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React Based Static Site Generators in 2024

React Based Static Site Generators in 2024

Gatsby might be out of the picture for many developers, but React and static site generators (SSGs) built on top of it are still gaining traction with front-end developers worldwide.

React Based Static Site Generators in 2024

Often critiqued for NOT delivering on a promise of transforming front-end development, since its release in 2013, React JS has been under the fray of the dev world.

Last year's annual State of JS report on front-end frameworks and libraries survey showed interest may be falling, but React usage is growing (source link). Furthermore, insights from the Stack Overflow Developer Survey 2023 reinforce React's position in the ecosystem as the most loved web framework, with a notable percentage of developers either using it or expressing interest in using it shortly (source link).

While we wait on fresh stats, one could argue it is the framework of the web. Still, web development is an ever-changing beast. Yesterday's underdogs are today's hyped frameworks/libraries/approaches/architectures/concepts _________________(add anything here).

Not long ago, most businesses relied on monolithic solutions for content management (CMS) and eCommerce with coupled front and back end. That became a problem as new screens, markets, and channels emerged. The rise of headless architecture allowed businesses to think differently.

New technologies/frameworks significantly simplify the web development, management, and distribution processes while allowing for better reach, performance, and the web in general.

Why are we mentioning this here? Well, if you know React and are ready to take advantage of headless architecture in your blog or online store, all you'll need is a static site generator to get you going  (so to speak).

What Are Static Site Generators?

A static site generator generates a website with entirely static HTML files, pre-built without any calls to the database or external data sources and server-side processing.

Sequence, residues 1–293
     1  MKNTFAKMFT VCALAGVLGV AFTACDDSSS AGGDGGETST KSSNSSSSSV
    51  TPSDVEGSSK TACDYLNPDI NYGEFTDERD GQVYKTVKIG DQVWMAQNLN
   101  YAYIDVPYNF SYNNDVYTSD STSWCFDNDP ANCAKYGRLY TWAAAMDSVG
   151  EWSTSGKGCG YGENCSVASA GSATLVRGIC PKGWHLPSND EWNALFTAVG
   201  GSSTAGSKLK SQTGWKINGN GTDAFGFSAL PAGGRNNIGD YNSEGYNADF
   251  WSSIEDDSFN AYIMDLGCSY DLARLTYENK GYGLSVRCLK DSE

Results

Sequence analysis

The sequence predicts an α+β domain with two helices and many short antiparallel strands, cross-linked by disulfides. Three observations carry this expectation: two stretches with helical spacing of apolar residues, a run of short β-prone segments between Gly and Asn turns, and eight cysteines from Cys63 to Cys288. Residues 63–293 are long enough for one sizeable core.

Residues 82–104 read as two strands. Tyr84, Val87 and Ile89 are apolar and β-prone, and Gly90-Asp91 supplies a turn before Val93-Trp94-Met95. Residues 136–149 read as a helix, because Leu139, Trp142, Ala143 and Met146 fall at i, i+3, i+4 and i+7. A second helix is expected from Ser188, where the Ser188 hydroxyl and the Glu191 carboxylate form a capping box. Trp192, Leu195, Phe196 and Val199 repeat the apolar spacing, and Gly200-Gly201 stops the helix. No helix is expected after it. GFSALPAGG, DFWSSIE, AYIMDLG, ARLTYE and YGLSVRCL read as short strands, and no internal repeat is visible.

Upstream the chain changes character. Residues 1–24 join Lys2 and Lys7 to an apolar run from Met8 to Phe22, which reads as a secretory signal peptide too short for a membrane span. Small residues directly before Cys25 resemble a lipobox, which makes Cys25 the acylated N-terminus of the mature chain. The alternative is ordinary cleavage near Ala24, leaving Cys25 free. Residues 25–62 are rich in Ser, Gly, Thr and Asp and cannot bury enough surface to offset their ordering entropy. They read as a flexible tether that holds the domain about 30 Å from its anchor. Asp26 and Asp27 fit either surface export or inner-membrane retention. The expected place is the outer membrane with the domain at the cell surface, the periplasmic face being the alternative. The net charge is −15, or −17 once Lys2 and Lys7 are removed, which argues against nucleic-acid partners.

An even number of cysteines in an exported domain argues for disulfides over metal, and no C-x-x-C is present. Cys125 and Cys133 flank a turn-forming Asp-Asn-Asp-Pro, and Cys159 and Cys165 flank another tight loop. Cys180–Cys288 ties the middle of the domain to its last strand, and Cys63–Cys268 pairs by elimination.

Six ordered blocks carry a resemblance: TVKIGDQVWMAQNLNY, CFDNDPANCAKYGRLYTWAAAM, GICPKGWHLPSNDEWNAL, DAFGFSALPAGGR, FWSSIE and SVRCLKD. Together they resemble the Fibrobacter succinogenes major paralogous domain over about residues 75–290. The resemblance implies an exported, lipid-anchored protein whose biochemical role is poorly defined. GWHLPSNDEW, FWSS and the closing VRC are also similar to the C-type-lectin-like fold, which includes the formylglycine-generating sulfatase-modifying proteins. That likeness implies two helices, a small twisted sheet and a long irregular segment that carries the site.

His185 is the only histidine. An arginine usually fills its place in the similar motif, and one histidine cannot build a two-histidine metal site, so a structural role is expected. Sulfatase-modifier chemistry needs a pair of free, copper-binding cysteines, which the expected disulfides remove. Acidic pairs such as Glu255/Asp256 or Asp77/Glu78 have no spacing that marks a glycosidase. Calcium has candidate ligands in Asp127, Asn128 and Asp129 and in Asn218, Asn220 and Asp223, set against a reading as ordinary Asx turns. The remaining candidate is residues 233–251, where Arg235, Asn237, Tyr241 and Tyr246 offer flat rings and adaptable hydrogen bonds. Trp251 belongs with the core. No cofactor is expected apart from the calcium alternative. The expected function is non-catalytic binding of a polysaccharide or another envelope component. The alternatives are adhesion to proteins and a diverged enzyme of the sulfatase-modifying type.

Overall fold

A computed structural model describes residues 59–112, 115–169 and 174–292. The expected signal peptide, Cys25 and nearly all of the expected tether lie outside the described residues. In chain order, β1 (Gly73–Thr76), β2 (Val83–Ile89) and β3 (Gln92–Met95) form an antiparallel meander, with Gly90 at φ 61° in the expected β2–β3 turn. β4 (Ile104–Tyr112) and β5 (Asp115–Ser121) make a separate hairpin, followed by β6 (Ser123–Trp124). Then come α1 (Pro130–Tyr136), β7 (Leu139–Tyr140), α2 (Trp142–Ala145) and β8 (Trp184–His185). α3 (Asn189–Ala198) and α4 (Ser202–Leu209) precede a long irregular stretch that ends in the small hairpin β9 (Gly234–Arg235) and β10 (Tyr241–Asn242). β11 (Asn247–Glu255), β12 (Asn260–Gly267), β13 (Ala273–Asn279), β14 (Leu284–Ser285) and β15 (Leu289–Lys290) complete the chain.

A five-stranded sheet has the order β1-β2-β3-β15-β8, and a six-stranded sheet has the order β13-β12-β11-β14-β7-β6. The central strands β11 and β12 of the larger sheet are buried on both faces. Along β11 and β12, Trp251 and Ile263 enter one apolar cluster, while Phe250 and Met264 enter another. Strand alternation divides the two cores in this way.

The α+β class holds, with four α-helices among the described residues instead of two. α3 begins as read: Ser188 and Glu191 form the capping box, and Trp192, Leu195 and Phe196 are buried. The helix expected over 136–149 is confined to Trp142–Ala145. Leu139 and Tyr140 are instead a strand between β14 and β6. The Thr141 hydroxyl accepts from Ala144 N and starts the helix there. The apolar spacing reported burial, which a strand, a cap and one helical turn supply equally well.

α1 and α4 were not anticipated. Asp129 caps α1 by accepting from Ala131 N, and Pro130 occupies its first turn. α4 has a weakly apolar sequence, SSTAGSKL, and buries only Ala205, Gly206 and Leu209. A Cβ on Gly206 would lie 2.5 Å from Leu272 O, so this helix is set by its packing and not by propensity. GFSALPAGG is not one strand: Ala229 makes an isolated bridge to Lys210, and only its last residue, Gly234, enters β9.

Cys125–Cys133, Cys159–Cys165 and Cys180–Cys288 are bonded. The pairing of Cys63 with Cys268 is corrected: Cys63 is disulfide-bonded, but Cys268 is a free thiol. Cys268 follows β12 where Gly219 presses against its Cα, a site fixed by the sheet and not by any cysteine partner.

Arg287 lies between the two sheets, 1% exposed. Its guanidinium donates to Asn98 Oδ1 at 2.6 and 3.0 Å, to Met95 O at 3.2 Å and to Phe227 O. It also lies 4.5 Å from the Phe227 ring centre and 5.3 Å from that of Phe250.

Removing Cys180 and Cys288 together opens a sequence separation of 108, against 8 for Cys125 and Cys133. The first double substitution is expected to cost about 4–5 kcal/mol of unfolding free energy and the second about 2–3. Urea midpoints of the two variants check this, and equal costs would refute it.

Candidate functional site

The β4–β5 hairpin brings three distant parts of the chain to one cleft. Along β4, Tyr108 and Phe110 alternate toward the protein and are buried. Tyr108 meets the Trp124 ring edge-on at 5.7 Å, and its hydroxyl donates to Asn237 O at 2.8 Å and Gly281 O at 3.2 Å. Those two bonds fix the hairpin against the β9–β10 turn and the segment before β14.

SSG takes Markdown files, HTML templates, or React components you give and generates static HTML, CSS, and JavaScript files that can be served directly from the server to users.

As the online world evolved, websites have become highly complex. An influx of plugins and add-ons caused the websites to become slow, insecure, and complex to maintain. Static site generators address these problems.

❓Static vs. Dynamic Pages / Websites

For the sake of clarity, let’s define these. Static pages are served from a server or CDN, but they are not dynamically rendered on a server, i.e., you always get the same pre-built (HTML, CSS, and JS) page. You change page content with the JavaScript code executed in the browser (not the server).

On the other hand, dynamic pages generate content/pages with the help of a server or a serverless function for each page request. That means that each time you refresh a page, you’ll be served with a newly generated page that may differ from the previous one.

We already talked about what is a static site today in depth. Go, juggle your memory.

Why Use Static Site Generators?

Static site generators bring many benefits by solving problems associated with dynamic websites.

Loading Speed

Unlike dynamic websites, which generate their pages in real-time, static site generators deliver a pre-built HTML file when users request a page. The file is usually hosted on a content delivery network (CDN), enabling maximum loading speeds for your web pages and winning you the trust of search engines and users alike.


Static site pages are HTML files that aren't connected to any database. Because of this, cybercriminals cannot do SQL database injections (for example) or find similar server-side flaws. That significantly brings down any security risks.

Simplification of Development and Management

We've established that static site hosting doesn't need databases, packages, libraries, or a backend server. This alone makes static sites easy to use in development, managing, and migrating to another host whenever you please, without any complexity or compatibility issues.

Flexible and Scalable

Dynamic websites frequently encounter server overloads during traffic spikes. With static sites, that's no issue, making them incredibly easy to scale and serve as large a traffic spike as needed.

Why React JS?

React.js is an open-source Javascript library used for front-end development, usually for user interfaces of single-page web or mobile apps, allowing web pages to change data without reloading the entire page.